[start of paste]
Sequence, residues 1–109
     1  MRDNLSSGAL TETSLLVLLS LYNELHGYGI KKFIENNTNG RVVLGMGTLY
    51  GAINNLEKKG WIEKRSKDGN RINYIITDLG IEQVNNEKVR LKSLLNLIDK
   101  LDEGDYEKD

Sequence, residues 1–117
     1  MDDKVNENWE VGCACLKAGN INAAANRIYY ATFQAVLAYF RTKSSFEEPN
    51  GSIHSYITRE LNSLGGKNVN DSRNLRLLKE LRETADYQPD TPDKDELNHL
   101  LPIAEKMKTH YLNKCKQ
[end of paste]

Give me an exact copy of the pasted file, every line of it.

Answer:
Sequence, residues 1–109
     1  MRDNLSSGAL TETSLLVLLS LYNELHGYGI KKFIENNTNG RVVLGMGTLY
    51  GAINNLEKKG WIEKRSKDGN RINYIITDLG IEQVNNEKVR LKSLLNLIDK
   101  LDEGDYEKD

Sequence, residues 1–117
     1  MDDKVNENWE VGCACLKAGN INAAANRIYY ATFQAVLAYF RTKSSFEEPN
    51  GSIHSYITRE LNSLGGKNVN DSRNLRLLKE LRETADYQPD TPDKDELNHL
   101  LPIAEKMKTH YLNKCKQ